It’s Easter Sunday.

Women and girls wear their new spring dresses. Many go to church to celebrate a risen King. Some stay home with family, cooking up Easter staples like Ham, macaroni and cheese, sweet potato casserole, deviled eggs and other treats traditional to each family. Children wake up Easter morning to dash into the den in order to find what the magical bunny left them. They often find straw baskets filled with colorful plastic grass, pushed down by the weight of chocolate, candies and small toys. Greedily, they stuff a bite of chocolate into their mouth before their mother can warn them to hold off until after lunch.

And lunch, quite often, becomes a reunion of sorts with a blend of nuclear and extended family. After consuming the bountiful feast, those who are not napping in the Barker lounge take the children outside to hunt previously hidden eggs!

Tradition

Family

Easter.

We take it all for granted.

Foster children view the holiday quite differently.

Depending on their current length of stay in care, the family with whom they now live may be their third, fourth, fifth or even higher placement. The lucky ones who have a stable long term relationship have an easier time with family holidays. Yet, they still wonder why they cannot be with their own family.

Children who have had moves and instability can be really unnerved by the very traditions that delight other children. Extended family can be threatening as more strangers fill the house, laughing at old family stories they had no part in. Resentment is misplaced towards the foster parents because it feels disloyal to blame their parents.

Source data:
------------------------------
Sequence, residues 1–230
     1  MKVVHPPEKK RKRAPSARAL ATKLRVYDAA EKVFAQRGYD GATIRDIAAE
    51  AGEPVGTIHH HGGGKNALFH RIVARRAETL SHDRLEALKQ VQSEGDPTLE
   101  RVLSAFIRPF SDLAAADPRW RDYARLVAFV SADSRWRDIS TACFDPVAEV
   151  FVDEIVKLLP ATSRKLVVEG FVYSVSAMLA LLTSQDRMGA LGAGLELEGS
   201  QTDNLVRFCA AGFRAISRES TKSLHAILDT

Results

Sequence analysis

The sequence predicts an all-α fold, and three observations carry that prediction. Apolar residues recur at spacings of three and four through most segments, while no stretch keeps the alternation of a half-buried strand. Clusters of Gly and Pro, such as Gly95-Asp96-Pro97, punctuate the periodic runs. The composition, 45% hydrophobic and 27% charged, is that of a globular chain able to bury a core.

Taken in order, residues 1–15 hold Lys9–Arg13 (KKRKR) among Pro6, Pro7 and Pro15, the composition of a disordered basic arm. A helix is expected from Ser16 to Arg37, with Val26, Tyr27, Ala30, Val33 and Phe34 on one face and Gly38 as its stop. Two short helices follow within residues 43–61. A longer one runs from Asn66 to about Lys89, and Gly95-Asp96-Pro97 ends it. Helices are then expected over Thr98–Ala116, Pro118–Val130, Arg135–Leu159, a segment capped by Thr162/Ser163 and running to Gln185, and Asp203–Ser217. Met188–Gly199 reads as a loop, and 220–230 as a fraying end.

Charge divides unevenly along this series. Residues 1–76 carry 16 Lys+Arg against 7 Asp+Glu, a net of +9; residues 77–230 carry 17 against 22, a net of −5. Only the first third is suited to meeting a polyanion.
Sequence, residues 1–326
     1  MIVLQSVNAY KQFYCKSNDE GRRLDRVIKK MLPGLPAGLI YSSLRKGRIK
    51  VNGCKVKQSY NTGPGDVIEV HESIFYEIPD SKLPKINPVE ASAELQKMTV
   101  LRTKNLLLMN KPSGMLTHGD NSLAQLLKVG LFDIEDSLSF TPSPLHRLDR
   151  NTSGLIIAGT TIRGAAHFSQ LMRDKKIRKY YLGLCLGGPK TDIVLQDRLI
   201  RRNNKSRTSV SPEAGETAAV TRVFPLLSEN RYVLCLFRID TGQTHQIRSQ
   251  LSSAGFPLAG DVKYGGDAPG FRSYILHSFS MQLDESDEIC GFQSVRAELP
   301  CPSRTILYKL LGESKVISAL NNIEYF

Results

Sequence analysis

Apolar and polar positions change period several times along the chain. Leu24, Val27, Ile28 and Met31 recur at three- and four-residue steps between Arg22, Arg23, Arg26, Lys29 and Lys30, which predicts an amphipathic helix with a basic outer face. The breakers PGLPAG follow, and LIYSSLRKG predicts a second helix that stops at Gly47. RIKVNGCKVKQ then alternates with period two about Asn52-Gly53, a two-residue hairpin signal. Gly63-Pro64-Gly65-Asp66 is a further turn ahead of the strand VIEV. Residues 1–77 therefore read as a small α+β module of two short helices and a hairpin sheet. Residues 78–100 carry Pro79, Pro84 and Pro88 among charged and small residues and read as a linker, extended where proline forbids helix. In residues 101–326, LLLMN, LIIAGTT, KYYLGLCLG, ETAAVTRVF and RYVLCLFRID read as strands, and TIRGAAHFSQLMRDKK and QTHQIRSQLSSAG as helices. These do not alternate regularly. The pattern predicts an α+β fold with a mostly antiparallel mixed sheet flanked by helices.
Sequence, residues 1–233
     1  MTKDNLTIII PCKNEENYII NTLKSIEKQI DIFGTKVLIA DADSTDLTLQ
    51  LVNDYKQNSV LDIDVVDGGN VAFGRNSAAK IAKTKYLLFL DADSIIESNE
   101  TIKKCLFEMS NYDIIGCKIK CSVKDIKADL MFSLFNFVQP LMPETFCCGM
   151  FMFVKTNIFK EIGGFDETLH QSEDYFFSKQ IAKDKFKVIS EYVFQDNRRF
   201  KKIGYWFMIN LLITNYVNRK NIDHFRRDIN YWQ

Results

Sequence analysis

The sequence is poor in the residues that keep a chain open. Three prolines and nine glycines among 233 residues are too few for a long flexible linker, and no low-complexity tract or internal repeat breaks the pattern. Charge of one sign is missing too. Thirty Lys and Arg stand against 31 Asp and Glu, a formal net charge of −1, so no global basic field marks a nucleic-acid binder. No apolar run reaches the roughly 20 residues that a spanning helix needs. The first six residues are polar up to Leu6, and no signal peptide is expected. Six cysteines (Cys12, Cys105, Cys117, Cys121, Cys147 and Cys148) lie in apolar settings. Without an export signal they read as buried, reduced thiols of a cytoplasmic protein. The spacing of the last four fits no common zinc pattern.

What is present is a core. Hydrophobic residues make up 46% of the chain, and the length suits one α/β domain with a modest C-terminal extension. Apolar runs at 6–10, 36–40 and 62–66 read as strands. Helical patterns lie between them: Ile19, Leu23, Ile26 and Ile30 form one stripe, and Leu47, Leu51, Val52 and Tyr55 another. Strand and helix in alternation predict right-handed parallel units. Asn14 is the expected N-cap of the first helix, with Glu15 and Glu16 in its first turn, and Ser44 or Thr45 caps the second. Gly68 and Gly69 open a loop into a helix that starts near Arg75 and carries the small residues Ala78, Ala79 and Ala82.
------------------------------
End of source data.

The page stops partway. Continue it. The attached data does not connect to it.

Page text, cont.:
It is not uncommon to see some trauma behavior surface: tantrums, cursing, fighting, meltdowns. If not prepared, trauma expressions could ruin your holiday plans.

Be prepared.

Talk to your foster parents about how to make the holiday less stressful for all of you.

Talk to the child with the foster parents. Engage him/her around the plans for the day and what concerns him about each event. When he expresses a feeling, no matter how it seems to you, validate it and see what can be done to minimize the trigger.

It’s ok to allow him to sit out of an event. Have an alternative for him. For example if the child feels pressured during the egg hunt, let him help you hide them instead of hunt them.

As foster children begin to feel safe and stable, the trauma triggers eventually will lessen. But preparation, understanding and compassion can help you and your foster child experience a rich family holiday.

2 thoughts on “Does the Bunny know Where I Am?

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